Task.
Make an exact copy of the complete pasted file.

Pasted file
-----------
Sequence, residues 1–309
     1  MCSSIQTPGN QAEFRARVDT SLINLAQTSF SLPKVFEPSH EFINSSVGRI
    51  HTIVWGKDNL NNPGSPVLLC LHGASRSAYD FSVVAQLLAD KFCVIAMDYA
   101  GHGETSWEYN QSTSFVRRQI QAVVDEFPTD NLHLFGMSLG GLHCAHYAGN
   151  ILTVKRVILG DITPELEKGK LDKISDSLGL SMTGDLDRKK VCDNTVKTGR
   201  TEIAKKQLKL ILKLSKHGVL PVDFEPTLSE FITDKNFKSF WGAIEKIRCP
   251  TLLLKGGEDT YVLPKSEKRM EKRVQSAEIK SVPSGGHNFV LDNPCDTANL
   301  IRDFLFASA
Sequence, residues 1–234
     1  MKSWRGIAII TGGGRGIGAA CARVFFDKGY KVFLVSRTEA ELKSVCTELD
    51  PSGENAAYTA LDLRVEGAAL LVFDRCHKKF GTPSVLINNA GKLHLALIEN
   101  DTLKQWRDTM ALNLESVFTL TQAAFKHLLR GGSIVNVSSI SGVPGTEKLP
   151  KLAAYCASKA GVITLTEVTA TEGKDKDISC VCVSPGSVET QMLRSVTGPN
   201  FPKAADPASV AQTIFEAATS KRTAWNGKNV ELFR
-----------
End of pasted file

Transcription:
Sequence, residues 1–309
     1  MCSSIQTPGN QAEFRARVDT SLINLAQTSF SLPKVFEPSH EFINSSVGRI
    51  HTIVWGKDNL NNPGSPVLLC LHGASRSAYD FSVVAQLLAD KFCVIAMDYA
   101  GHGETSWEYN QSTSFVRRQI QAVVDEFPTD NLHLFGMSLG GLHCAHYAGN
   151  ILTVKRVILG DITPELEKGK LDKISDSLGL SMTGDLDRKK VCDNTVKTGR
   201  TEIAKKQLKL ILKLSKHGVL PVDFEPTLSE FITDKNFKSF WGAIEKIRCP
   251  TLLLKGGEDT YVLPKSEKRM EKRVQSAEIK SVPSGGHNFV LDNPCDTANL
   301  IRDFLFASA
Sequence, residues 1–234
     1  MKSWRGIAII TGGGRGIGAA CARVFFDKGY KVFLVSRTEA ELKSVCTELD
    51  PSGENAAYTA LDLRVEGAAL LVFDRCHKKF GTPSVLINNA GKLHLALIEN
   101  DTLKQWRDTM ALNLESVFTL TQAAFKHLLR GGSIVNVSSI SGVPGTEKLP
   151  KLAAYCASKA GVITLTEVTA TEGKDKDISC VCVSPGSVET QMLRSVTGPN
   201  FPKAADPASV AQTIFEAATS KRTAWNGKNV ELFR